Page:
Institute of Scientific and Technical Information of China (English)

    CAO Fu-jiang; ZHANG Xu; LIU Tao; LI Xia-wen; Mazar Malik; FENG Shi-qing

    2013-01-01

    Background The Ras/Raf/ERK1/2 signaling pathway controls many cellular responses such as cell proliferation,migration,differentiation,and death.In the nervous system,emerging evidence also points to a death-promoting role for ERK1/2 in both in vitro and in vivo models of neuronal death.To further investigate how Ras/Raf/ERK1/2 up-regulation may lead to the development of spinal cord injury,we developed a cellular model of Raf/ERK up-regulation by overexpressing c-Raf in cultured spinal cord neurons (SCNs) and dorsal root ganglions (DRGs).Methods DRGs and SCNs were prepared from C57BL/6J mouse pups.DRGs or SCNs were infected with Ad-Raf-1 or Ad-Null adenovirus alone.Cell adhesion assay and cell migration assay were investigated,Dil labeling was employed to examine the effect of the up-regulation of Ras/Raf/ERK1/2 signaling on the dendritic formation of spinal neurons.We used the TO-PRO-3 staining to examine the apoptotic effect of c-Raf on DRGs or SCNs.The effect on the synapse formation of neurons was measured by using immunofluorescence.Results We found that Raf/ERK up-regulation stimulates the migration of both SCNs and DRGs,and impairs the formation of excitatory synapses in SCNs.In addition,we found that Raf/ERK up-regulation inhibits the development of mature dendritic spines in SCNs.Investigating the possible mechanisms through which Raf/ERK up-regulation affects the excitatory synapse formation and dendritic spine development,we discovered that Raf/ERK up-regulation suppresses the development and maturation of SCNs.Conclusion The up-regulation of the Raf/ERK signaling pathway may contribute to the pathogenesis of spinal cord injury through both its impairment of the SCN development and causing neural circuit imbalances.

  19. Transcriptomic Analysis of Persistent Infection with Foot-and-Mouth Disease Virus in Cattle Suggests Impairment of Apoptosis and Cell-Mediated Immunity in the Nasopharynx.

    Science.gov (United States)

    Eschbaumer, Michael; Stenfeldt, Carolina; Smoliga, George R; Pacheco, Juan M; Rodriguez, Luis L; Li, Robert W; Zhu, James; Arzt, Jonathan

    2016-01-01

    In order to investigate the mechanisms of persistent foot-and-mouth disease virus (FMDV) infection in cattle, transcriptome alterations associated with the FMDV carrier state were characterized using a bovine whole-transcriptome microarray. Eighteen cattle (8 vaccinated with a recombinant FMDV A vaccine, 10 non-vaccinated) were challenged with FMDV A24 Cruzeiro, and the gene expression profiles of nasopharyngeal tissues collected between 21 and 35 days after challenge were compared between 11 persistently infected carriers and 7 non-carriers. Carriers and non-carriers were further compared to 2 naïve animals that had been neither vaccinated nor challenged. At a controlled false-discovery rate of 10% and a minimum difference in expression of 50%, 648 genes were differentially expressed between FMDV carriers and non-carriers, and most (467) had higher expression in carriers. Among these, genes associated with cellular proliferation and the immune response-such as chemokines, cytokines and genes regulating T and B cells-were significantly overrepresented. Differential gene expression was significantly correlated between non-vaccinated and vaccinated animals (biological correlation +0.97), indicating a similar transcriptome profile across these groups. Genes related to prostaglandin E2 production and the induction of regulatory T cells were overexpressed in carriers. In contrast, tissues from non-carrier animals expressed higher levels of complement regulators and pro-apoptotic genes that could promote virus clearance. Based on these findings, we propose a working hypothesis for FMDV persistence in nasopharyngeal tissues of cattle, in which the virus may be maintained by an impairment of apoptosis and the local suppression of cell-mediated antiviral immunity by inducible regulatory T cells. PMID:27643611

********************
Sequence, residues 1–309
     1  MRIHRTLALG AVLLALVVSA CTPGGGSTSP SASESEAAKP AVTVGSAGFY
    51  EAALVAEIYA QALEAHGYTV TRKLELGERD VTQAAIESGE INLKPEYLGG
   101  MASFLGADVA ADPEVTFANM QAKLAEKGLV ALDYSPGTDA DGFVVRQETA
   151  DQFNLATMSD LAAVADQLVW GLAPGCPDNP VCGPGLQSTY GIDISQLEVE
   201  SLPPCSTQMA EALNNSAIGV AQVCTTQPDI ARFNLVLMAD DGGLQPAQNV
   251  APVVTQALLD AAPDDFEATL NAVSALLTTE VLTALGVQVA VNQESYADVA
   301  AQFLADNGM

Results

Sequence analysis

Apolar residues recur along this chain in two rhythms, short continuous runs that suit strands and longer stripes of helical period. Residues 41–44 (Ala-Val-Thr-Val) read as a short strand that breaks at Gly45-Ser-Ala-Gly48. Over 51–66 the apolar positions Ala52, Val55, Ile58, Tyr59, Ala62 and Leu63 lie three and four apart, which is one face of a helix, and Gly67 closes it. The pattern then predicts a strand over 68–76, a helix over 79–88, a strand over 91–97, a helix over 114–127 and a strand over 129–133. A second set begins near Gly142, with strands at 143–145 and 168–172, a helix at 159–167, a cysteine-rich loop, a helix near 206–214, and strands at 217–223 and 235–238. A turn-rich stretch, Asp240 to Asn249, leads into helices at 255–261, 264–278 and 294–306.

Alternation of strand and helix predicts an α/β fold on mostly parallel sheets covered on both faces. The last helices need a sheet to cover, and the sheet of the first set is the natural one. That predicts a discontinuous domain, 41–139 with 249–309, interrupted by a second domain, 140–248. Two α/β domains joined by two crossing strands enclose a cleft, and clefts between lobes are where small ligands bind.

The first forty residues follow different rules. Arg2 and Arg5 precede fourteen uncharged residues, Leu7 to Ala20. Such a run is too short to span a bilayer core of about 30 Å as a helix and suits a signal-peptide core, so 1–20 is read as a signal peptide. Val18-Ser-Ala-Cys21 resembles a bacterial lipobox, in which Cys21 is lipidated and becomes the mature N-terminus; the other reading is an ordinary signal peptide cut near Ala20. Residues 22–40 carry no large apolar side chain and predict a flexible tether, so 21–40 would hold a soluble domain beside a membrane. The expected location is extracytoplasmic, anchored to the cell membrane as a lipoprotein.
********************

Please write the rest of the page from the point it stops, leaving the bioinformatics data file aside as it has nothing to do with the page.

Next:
20. Modeling of autosomal-dominant retinitis pigmentosa in Caenorhabditis elegans uncovers a nexus between global impaired functioning of certain splicing factors and cell type-specific apoptosis.

    Science.gov (United States)

    Rubio-Peña, Karinna; Fontrodona, Laura; Aristizábal-Corrales, David; Torres, Silvia; Cornes, Eric; García-Rodríguez, Francisco J; Serrat, Xènia; González-Knowles, David; Foissac, Sylvain; Porta-De-La-Riva, Montserrat; Cerón, Julián

    2015-12-01